IRG vice president talks Weyerhaeuser campus

Tom Messmer, vice president of special projects for Industrial Realty Group, LLC, reportedly revealed no concrete plans on what his firm will do with its recently acquired Weyerhaeuser campus.

  • Sunday, June 26, 2016 10:00am

Tom Messmer, vice president of special projects for Industrial Realty Group, LLC, reportedly revealed no concrete plans on what his firm will do with its recently acquired Weyerhaeuser campus.

He was willing, however, to once again describe the type of tenant IRG is seeking.

“They want a business there that’s going to be a job-producer – he emphasized that – not a job-replacer but a job-producer,”said Pete von Reichbauer, who represents the Federal Way area on the Metropolitan King County Council.

Von Reichbauer was the host of the private Wednesday breakfast meeting that invited community leaders to hear Messmer discuss where IRG stands when it comes to the 425-acre site at 33663 Weyerhaeuser Way S. in Federal Way.

Messmer’s comments closely echoed those made by IRG when the company purchased the building and the surrounding space for $70.5 million in February. Talking about his company’s plans in front of von Reichbauer’s invitation-only crowd, Messmer satisfied at least one person: von Reichbauer himself.

“Everyone I talked to said he disarmed them with his candor and openness,” von Reichbauer said. “I was impressed by the values he reflected. He talked about the importance of not just keeping jobs, but creating jobs in our region. That’s my No. 1 concern.

“He’s saying all the right things about working together for the region.”

Von Reichbauer said Messmer opened the meeting by asking the attendees what kinds of projects they had heard would occupy the Weyerhaeuser campus, drawing responses that included an education building, a Marriott hotel, residences and an “ice factory.”

While no solid intentions were made public, von Reichbauer said Messmer made overtones of trying to attract tech companies or similar tenants.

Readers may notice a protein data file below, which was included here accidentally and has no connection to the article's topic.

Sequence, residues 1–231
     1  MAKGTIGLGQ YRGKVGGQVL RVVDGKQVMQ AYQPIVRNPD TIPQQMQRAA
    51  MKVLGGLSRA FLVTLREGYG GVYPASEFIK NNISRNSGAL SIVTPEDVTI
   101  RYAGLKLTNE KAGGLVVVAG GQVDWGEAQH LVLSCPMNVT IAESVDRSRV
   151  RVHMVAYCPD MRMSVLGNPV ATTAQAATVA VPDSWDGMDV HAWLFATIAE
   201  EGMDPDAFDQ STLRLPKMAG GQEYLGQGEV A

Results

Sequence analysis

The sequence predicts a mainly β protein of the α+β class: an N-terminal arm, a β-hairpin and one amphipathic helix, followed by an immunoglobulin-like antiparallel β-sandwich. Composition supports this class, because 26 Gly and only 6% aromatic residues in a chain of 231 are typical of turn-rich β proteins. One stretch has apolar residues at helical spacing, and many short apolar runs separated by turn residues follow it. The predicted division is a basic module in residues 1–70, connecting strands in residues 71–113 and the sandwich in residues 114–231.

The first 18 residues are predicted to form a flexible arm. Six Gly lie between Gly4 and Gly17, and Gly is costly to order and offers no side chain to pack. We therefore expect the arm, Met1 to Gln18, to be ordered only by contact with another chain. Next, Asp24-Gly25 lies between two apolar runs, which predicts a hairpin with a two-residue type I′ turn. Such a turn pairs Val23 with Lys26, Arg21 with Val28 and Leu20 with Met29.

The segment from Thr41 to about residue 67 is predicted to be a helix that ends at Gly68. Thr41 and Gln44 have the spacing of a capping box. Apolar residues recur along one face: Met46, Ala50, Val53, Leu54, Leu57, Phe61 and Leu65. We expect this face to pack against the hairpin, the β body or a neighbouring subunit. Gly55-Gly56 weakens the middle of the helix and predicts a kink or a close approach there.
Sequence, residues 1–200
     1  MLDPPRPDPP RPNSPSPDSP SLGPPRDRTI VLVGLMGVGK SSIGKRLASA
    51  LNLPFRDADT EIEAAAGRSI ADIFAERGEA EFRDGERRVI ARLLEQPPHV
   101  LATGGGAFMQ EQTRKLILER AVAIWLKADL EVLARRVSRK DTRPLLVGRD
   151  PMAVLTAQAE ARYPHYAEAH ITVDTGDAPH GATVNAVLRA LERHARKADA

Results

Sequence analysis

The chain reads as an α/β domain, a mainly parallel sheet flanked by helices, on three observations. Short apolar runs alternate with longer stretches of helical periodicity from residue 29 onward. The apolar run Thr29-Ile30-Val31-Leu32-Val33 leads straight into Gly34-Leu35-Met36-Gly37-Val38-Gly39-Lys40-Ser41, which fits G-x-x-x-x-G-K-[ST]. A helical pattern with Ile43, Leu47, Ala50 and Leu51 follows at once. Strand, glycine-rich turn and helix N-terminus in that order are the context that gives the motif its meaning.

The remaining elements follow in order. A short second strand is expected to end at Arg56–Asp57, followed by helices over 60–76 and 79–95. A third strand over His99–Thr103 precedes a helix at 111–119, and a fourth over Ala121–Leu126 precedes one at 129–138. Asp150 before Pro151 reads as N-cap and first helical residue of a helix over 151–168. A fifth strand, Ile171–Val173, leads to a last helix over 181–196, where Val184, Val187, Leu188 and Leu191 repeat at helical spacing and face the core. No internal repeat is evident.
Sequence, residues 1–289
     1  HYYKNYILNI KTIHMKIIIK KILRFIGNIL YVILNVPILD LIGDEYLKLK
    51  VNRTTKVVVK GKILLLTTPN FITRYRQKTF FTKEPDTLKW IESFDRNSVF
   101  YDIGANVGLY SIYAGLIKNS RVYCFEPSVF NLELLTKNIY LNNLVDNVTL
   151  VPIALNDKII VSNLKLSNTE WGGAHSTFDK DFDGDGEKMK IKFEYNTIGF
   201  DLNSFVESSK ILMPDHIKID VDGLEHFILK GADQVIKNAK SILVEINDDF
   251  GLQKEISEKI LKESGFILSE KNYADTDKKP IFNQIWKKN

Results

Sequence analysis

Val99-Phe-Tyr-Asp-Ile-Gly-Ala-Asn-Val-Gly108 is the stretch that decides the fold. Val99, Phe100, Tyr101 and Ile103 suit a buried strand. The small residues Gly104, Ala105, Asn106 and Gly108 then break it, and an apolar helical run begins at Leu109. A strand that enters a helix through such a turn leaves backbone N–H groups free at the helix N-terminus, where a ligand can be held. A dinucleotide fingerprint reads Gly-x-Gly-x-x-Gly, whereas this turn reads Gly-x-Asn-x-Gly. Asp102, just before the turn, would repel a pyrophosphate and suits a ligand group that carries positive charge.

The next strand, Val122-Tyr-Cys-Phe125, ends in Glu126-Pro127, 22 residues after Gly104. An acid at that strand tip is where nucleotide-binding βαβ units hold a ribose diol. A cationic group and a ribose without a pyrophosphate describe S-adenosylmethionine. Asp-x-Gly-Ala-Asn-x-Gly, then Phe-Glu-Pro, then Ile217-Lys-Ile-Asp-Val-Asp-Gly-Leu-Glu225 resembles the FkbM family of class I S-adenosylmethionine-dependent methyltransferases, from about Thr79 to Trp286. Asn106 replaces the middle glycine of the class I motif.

“The site is an incredibly unique site for a business park,” he said, noting that the green space and open-floor office potential should be attractive to Millennial-staffed companies who value such work atmospheres. “Our whole world, the one I grew up in, is being changed by the internet. Brick and mortar isn’t as important. The place that [Messmer] envisions will be a product of the 21st century, not the 20th century.”

The Weyerhaeuser campus was completed in 1971 and housed the corporate operations of the timber giant until the building’s sale. Weyerhaeuser announced in August 2014 it would relocate those operations to downtown Seattle, and the skeletal staff that remains in space leased from IRG by Weyerhaeuser will vacate when the new headquarters are complete.

“For the people who think about Weyerhaeuser leaving – Weyerhaeuser left,” von Reichbauer said, paraphrasing a point from Messmer and noting the parking lot at the building lately is maybe a third or a quarter full. “The company, as we think about it, really has left us already.”

More in News

12 Federal Way Public Schools teachers earn National Board certification

The National Board candidacy is a demanding process, and has numerous benefits to students.

A man addresses the King County Council during a public hearing March 20 at New Life Church in Renton. He presented bags filled with what he said was hazardous materials dropped on his property by bald eagles. Another speaker made similar claims. Haley Ausbun/staff photo
Locals show support for King County waste to energy plant

Public hearing on landfill’s future was held March 20 in Renton.

Federal Way Chamber endorses Woodbridge Corporate Park as economic engine

Chamber states development on former Weyerhaeuser property will create 3,100 jobs.

Federal Way converts $3M federal PAEC loan to permanent

The council voted 6-1 to turn the loan permanent which will fix the interest rate through the life of the loan.

After being homeless, Christy X (pictured) moved into her Coniston Arms Apartments unit in Seattle at the beginning of 2019. She had bounced around from shelters to friends’ places after facing an eviction at her West Seattle apartment in October 2018. A diversion program run by the nonprofit Mary’s Place helped her find housing. File photo
State lawmakers consider eviction reform legislation

Sen. Patty Kuderer, D-Bellevue, is bill’s prime sponsor.

Federal Way to host ground-breaking ceremony for $3M staircase project

Project will improve the walkability of downtown Federal Way while connecting the PAEC to Town Square Park and the Transit Center.

United Methodist vote has churches’ future in question

Congregations debate separation following gay-clergy, same-sex marriage ban.

Federal Way Public Schools extends application deadline for board director vacancy

Applications will now be accepted through Friday, March 29.

Gov. Jay Inlsee signs into law the Native American Voting Rights Act, which allows a non-traditional address to be used for voter registration for residents who live on reservations. Photo by Emma Epperly/WNPA Olympia News Bureau
Native American Voting Rights Act signed into law

Non-traditional addresses can be used for voter registration on tribal lands

Most Read